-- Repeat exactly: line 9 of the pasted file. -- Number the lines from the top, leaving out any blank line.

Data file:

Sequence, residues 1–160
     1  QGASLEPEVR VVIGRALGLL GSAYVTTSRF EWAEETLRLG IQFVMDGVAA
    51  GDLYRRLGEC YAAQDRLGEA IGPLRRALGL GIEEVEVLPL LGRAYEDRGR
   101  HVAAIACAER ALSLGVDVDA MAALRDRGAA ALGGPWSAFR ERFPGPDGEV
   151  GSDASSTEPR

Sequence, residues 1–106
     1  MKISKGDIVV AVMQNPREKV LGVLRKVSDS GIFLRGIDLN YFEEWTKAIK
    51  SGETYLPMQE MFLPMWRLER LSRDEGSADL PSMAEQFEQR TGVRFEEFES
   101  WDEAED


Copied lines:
   101  WDEAED